Hello Friday! It’s time to take a look at these 5 newly handmade ornaments that will be listing in ebay this week. My newly handmade valentine’s day ornament is here. Also, there will be 1 winter theme ornament too (last few maybe..). Here they are:
(Click on the tile or photo link will bring you to each of their ebay auction page. Auctions will start 12/12/2015 around 4pm PT.)
Snow/ Winter Ornament
Shepherd’s Bush SNOW
Shepherd’s Bush LOVE
Just Nan Be My Valentine
The Sweetheart Tree Cupid’s Touch Heart
Love Birds Heart
Okay… so what about the needles that I am going to talk about? Needles are just needles, the thread goes through a hole in the needle and then we start sewing or stitching. Simple.
But not as simple as what we think they are. For cross stitching, there are different brands and sizes in tapestry needles. I’m not going into details for which type of fabric to which sizes of needles to use. But rather, I’ll like to talk about the different brands of tapestry needles available in most craftshops. Today, I’m going to talk about two famous brands. DMC and Bohin. Why? Because I only have tried stitching with these two brands of needles. I’m referring to size 28, the smallest size in tapestry. I love size 28 because I usually stitch on 28ct or 32ct linen. They goes through the linen easily. Smooth stitching!
However, recently I notice a little difference between two brands. DMC seems to be a little thicker needle than Bohin. The holes also seems to be a little larger. Though both are of the same size 28. Not sure if every DMC needles produce the same size for each needle. But I find Bohin produced the most super fine and thin needles I’ve stitched before. Below is a photo I’ve taken to show you the two brands that I use a lot. (though most of the time I prefer using Bohin.)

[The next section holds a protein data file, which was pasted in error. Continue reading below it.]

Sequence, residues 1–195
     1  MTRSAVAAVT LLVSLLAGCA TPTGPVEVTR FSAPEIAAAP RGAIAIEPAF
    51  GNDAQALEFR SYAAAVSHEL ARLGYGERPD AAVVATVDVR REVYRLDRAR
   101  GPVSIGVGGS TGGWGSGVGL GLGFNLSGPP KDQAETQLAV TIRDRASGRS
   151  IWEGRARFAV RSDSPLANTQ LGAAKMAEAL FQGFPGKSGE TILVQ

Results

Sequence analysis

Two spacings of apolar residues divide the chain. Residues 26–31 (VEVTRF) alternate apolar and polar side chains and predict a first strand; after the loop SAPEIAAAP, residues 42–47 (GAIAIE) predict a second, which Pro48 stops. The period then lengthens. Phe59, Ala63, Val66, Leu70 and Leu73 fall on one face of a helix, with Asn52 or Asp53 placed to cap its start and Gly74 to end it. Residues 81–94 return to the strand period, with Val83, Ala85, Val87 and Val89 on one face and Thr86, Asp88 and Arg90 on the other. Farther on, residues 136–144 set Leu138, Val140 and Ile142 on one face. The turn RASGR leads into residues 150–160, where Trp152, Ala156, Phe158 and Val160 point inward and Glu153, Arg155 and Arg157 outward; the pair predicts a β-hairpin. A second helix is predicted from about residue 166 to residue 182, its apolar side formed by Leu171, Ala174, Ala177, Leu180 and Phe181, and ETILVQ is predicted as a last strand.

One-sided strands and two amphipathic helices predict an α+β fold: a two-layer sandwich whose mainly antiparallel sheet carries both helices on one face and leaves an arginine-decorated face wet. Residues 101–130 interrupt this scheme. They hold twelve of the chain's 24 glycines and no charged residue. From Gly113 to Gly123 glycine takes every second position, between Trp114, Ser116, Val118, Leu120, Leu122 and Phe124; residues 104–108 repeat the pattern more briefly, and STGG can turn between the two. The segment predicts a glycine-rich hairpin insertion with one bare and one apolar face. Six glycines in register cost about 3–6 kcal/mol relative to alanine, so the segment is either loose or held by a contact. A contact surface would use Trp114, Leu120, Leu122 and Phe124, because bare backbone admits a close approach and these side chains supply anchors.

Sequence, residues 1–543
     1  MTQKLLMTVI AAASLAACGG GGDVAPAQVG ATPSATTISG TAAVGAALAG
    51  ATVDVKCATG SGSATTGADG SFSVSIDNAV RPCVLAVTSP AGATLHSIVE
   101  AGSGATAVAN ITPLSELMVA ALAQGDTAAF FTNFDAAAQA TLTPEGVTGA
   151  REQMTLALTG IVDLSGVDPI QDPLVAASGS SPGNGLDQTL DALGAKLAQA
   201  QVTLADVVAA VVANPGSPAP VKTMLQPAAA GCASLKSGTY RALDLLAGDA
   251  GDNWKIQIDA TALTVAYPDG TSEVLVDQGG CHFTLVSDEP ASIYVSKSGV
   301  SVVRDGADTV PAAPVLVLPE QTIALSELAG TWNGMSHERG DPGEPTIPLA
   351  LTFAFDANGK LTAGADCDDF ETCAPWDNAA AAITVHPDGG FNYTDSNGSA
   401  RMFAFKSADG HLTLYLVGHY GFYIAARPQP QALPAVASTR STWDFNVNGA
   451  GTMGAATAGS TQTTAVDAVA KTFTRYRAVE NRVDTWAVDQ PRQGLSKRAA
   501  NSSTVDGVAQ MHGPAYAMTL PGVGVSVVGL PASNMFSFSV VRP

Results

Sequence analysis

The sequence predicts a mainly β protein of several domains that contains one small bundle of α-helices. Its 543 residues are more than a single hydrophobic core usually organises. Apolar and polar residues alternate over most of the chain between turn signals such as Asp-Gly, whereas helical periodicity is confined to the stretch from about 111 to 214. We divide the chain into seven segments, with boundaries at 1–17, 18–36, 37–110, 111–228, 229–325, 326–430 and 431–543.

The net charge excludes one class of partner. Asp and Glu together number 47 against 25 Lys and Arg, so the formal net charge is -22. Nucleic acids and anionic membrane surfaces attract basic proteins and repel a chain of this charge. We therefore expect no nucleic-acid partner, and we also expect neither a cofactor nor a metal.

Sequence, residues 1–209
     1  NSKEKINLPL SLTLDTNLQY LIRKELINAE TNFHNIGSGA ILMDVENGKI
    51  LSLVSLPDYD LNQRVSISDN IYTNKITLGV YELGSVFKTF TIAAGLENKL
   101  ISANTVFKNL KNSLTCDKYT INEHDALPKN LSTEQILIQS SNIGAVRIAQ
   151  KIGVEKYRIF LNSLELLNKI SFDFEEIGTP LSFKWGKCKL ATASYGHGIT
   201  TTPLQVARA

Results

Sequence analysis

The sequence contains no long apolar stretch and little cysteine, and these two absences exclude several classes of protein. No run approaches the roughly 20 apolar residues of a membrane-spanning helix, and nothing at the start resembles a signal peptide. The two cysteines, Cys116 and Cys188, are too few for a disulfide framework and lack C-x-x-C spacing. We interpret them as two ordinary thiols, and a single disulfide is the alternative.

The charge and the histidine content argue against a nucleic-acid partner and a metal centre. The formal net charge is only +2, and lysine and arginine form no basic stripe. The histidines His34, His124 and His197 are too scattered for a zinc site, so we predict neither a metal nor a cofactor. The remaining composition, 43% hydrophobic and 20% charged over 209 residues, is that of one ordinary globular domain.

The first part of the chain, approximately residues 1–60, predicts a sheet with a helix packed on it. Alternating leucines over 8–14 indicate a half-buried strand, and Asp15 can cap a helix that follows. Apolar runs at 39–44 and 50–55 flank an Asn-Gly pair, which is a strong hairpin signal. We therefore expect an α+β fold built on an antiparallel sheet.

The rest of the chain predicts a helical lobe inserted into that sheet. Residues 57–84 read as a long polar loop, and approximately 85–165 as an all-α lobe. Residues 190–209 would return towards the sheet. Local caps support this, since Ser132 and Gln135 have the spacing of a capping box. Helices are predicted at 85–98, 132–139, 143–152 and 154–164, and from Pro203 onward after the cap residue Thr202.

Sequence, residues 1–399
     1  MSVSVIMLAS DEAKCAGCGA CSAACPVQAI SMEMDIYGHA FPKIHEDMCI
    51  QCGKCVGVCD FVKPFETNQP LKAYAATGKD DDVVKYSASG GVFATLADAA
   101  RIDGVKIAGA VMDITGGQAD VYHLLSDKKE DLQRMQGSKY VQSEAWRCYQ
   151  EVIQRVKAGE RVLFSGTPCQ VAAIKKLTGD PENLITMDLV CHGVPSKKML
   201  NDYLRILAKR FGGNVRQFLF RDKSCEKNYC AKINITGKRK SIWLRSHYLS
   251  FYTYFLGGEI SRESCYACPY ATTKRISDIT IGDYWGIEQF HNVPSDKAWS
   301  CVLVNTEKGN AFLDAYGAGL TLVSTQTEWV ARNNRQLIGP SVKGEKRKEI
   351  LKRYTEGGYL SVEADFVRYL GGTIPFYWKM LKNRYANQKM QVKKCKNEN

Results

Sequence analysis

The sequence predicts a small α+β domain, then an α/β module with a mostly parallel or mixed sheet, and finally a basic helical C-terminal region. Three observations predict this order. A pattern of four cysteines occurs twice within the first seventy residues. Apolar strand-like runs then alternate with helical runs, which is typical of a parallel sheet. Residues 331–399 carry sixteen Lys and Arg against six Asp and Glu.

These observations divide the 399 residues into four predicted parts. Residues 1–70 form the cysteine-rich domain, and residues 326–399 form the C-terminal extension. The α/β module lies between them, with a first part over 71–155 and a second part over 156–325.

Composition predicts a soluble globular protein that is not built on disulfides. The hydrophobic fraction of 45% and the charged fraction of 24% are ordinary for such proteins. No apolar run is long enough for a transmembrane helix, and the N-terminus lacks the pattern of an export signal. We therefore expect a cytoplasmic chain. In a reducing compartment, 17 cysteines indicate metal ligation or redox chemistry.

As you can see a pack of bohin includes 6 pieces of needles while DMC only has 5 in each pack. Both are size 28. But can you see the difference in the actual size of each brand of needle?? DMC is thicker. For DMC, the needles are made in India, though a France company. For Bohin, made in France. Also the other type of needle I used most is Mill Hill applique beading needles. Please note that there are two types of beading needles for mill hill brand. One is applique the other is just normal beading needles. I do not use the normal types so I do not have a picture to show you. But the normal types are much longer than the applique type. (which I find it being too long and not comfortable to use for my cross stitch piece.) These shorter applique beading needles are much more easier to use with my bead work. However, not every single mill hill bead can go through these applique needles. I’ve found some petite seed beads unable to go through easily. I have to use some of my extra thin needles that are mostly use for sewing needs.
Above are my own personal experience dealing with these needles. Thanks for reading my post today!
Have a wonderful time here! 🙂